You might have stumbled upon The Game Baker’s Squids Odyssey before since this charming adventure/strategy/underwater billiard simulator has been previously released on both the Wii U and the 3DS. But is Steev and Vahine’s epic quest to save every creature in the sea worth another go or is it destined to sink?

It's hard to fault these squids in any way. From their mobile roots it was clear the developer was onto something rather special and it has been running away with it ever since. The kid-friendly, colourful artwork and presentation hide a rather curious hybrid of turn-based strategy, RPG and flinging mechanics that unlike most mobile concepts doesn't get tiresome fast.

This is due to the amount of chaos one erroneous fling can cause in the ‘battlefield’. Once you deploy your team of up to four squids on the playfield, each takes turns flinging themselves at enemies or positions until they ran out of stamina and await the next turn. You have to consider currents, urchins and the scenario boundaries so you don't fling your squad into their untimely demise right from the opening rounds. But when things work out well the results never fail to amuse, with your squids hitting foes and everyone bouncing all over the playfield. Doing your finest to predict how things will develop is the key to victory here, but sometimes just throwing squids around and hoping for the best could be just as rewarding.

Of course, you won’t be making it very far unless you successfully prepare your cephalopod army efficiently. The early levels of the main ‘Squids of the Caribbean’ campaign will do a great job of teaching you the ropes, including the four different classes you can deploy: Scouts can dash a few times after being flung, Shooters can fire ranged attacks once per turn, Troopers have a powerful area attack and Healers can recover unit health if launched correctly.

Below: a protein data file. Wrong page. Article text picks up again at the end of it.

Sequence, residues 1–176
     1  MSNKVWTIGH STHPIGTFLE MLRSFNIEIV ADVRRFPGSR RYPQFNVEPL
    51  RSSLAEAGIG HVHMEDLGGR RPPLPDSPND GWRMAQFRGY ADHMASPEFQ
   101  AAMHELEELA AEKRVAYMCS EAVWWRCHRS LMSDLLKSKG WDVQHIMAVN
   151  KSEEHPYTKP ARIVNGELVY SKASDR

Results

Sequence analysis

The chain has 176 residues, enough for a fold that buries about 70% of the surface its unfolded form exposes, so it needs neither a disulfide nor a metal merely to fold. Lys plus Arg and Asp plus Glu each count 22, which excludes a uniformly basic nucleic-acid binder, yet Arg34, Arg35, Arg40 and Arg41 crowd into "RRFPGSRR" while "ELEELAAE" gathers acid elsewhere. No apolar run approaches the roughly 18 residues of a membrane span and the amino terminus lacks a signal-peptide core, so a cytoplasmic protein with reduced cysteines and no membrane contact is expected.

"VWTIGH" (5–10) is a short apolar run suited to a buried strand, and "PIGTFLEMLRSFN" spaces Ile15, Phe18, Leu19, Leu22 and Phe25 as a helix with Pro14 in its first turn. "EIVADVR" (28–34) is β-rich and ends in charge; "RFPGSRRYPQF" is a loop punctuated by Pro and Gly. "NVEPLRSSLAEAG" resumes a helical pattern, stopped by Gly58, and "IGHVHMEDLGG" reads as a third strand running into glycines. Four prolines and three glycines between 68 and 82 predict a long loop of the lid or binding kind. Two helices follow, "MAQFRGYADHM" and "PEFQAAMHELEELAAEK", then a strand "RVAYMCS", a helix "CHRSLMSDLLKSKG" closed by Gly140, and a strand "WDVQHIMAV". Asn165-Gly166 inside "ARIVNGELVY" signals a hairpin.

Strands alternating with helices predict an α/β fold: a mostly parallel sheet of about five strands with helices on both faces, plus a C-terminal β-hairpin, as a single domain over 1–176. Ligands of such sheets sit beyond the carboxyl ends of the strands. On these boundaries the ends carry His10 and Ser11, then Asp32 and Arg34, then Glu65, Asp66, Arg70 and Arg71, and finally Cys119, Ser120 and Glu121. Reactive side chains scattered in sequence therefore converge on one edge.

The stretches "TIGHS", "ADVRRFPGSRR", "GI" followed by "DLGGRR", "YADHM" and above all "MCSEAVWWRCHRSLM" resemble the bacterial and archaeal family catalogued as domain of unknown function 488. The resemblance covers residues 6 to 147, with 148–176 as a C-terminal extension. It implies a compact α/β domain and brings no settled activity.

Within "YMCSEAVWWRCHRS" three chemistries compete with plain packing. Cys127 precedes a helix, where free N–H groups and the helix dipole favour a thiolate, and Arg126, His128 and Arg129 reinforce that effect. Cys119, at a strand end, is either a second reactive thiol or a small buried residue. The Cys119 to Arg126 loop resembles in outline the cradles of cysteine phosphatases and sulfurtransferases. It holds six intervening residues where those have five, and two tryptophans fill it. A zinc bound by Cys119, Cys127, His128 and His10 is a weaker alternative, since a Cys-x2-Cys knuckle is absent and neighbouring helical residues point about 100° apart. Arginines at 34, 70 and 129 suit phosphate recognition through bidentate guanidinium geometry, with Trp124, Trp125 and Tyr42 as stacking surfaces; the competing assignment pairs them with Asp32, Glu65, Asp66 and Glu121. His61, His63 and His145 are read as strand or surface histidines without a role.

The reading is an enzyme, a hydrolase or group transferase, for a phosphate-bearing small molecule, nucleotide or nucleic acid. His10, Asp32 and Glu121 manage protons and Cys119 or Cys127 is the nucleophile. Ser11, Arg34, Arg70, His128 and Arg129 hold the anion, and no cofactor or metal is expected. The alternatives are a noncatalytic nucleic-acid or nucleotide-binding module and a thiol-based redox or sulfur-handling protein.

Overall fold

Pearls are your underwater currency. Fear not, you will not need to buy them with actual money like in the mobile versions, you can simply pick it by hitting oysters in the battlefield. You will need to gather these because of levelling up and to buy several dozen stat-boosting helmets. Since some of these hats also show up hidden inside oysters, it pays out to get to all of them before clearing up the battlefield from foes.

Presentation is rather lovely, with charming colourful graphics giving the whole package an all age appeal. Likewise for the sound and music. While it may at first look to be a game aiming for the younger/casual audience, the presentation and the strategy side of gameplay mean that even if you are not part of that target audience you might find yourself helplessly hooked firing squids all across the board. Even if you decide to play it on the TV, the controls are still perfectly usable but nowhere near as fun as using fingertip swipes to unleash cephalopod fury.

This is also far from a bare-bones experience since this edition gathers every single piece of previously released DLC that totals for over 90 individual missions to tackle before you can say you have seen it all, something that will take you a pleasantly long amount of time.

Conclusion

Squids Odyssey is the same charming package you might have played before. If you’re a fan of the series, this Switch edition truly is the definitive way to experience it. It does lose touch controls when played docked, but this is an understandable design limitation of the core gameplay and far from a deal-breaking proposition. If this is your first time meeting old Winnick and his gang, you’re in for quite a treat.